Mathea Ford: [00:49:39] Yeah! Yeah! Well Susan, thank you so much for being on the podcast today. It was a pleasure to have you on the show. I know my listeners have learned a lot about Motivational Interviewing and just even making some small changes. If listeners want to connect with you what’s the best way to do that?
Susan Dopart: [00:49:58] My website is Susandopart.com S-U-S-A-N D-O-P-A-R-T.com and I have a lot of information on there about trainings both in-person and virtual trainings but I also have an MI blog and what I try to do is once a month or so I’ll put a type of tool for Motivational Interviewing like what type of talk are you hearing or how do you evoke Change Talk and you can read a couple paragraphs on each thing and you know a lot of times it’s a good way to reinforce in your brain how to use Motivational Interviewing especially if you don’t have time to go to a workshop or expand your use of it in any other way. It’s a nice way to read about things so. But I do have virtual trainings for people that aren’t in California. I started doing those about a year ago with Zoom. It’s actually as what you and I are on it right now it’s a pretty cool platform. It’s actually better than I thought. It would be because you can put people in virtual breakout rooms and show videos on the whiteboards and that’s pretty much the next best thing to being in-person. So, that’s a great way for people to learn those who don’t have access to workshops and other areas as well as being more affordable. So, you can if you have questions about Motivational Interviewing you’re welcome to email me at Susan@susandopart.com or send me a message via the website. But I’m just. I love this beautiful collaborative partnership language and I guess my hope is that more clinicians specially dietitians will get more proficient in Motivational Interviewing. So, thank you for having me on your show so I can spread the word and really really appreciate it and thank you for being my model for demonstrating the skills. Truly a pleasure to be here.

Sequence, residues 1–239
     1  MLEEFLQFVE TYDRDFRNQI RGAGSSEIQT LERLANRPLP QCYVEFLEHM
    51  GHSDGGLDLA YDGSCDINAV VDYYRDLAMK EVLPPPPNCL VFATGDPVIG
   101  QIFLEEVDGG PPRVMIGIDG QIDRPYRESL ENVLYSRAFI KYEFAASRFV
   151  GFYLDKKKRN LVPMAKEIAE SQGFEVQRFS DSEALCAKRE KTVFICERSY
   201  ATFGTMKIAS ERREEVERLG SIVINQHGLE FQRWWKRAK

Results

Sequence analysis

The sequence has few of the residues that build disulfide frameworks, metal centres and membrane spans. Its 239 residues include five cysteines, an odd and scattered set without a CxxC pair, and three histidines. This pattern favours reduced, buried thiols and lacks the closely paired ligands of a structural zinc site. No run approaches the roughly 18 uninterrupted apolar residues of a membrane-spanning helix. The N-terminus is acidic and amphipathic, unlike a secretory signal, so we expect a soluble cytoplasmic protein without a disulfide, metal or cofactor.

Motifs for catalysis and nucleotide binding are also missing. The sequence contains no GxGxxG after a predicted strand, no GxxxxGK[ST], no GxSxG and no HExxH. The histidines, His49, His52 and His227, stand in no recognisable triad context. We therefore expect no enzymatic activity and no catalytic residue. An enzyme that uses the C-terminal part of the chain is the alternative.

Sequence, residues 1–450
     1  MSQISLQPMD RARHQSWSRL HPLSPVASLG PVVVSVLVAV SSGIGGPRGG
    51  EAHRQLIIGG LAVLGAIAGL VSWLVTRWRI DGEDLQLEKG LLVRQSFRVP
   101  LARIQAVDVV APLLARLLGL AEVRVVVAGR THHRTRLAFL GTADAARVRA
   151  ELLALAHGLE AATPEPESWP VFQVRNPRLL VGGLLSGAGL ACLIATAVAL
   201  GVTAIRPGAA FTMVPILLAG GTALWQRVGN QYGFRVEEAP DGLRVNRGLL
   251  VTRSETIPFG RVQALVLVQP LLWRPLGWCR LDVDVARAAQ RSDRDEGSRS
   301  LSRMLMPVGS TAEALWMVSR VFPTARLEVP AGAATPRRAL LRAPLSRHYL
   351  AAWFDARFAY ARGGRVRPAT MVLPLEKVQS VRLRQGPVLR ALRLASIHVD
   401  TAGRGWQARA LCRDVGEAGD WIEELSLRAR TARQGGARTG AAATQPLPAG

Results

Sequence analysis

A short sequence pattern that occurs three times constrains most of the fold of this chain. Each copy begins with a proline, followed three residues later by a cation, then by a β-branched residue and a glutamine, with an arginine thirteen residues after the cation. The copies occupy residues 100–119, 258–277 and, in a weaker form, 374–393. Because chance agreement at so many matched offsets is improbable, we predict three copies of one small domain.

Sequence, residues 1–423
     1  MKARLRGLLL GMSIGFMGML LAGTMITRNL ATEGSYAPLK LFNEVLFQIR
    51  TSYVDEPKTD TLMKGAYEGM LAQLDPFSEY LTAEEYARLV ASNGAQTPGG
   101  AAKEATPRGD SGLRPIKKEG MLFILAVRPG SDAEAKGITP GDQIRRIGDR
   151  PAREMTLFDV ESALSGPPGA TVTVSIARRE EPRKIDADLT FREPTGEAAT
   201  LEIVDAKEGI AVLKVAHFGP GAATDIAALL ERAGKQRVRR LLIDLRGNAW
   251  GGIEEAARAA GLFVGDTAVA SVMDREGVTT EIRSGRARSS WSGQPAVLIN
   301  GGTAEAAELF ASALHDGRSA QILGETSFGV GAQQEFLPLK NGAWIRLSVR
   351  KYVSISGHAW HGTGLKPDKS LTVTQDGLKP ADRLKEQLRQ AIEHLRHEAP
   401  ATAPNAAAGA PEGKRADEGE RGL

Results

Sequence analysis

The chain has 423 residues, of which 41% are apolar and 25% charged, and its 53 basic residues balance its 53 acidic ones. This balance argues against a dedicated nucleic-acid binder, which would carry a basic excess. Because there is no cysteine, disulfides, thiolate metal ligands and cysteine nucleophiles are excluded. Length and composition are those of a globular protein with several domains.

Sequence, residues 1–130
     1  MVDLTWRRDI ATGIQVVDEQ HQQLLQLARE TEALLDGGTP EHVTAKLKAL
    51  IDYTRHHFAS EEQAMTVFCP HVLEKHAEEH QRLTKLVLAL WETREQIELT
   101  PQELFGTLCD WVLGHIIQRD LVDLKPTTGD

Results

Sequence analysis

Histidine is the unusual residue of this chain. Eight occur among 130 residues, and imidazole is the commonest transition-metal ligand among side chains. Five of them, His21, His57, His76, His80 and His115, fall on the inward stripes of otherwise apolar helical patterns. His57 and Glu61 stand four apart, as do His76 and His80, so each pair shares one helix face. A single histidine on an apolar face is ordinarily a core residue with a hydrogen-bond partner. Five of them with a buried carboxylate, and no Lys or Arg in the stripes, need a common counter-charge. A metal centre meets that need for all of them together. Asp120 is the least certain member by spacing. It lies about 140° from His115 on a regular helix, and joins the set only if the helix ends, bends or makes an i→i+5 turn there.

Mathea Ford: [00:52:05] Yey! All right! Well, guys it’s been another great episode of the Nutrition Experts Podcast. The podcast that it’s all about learning more so you can do more with nutrition in your life.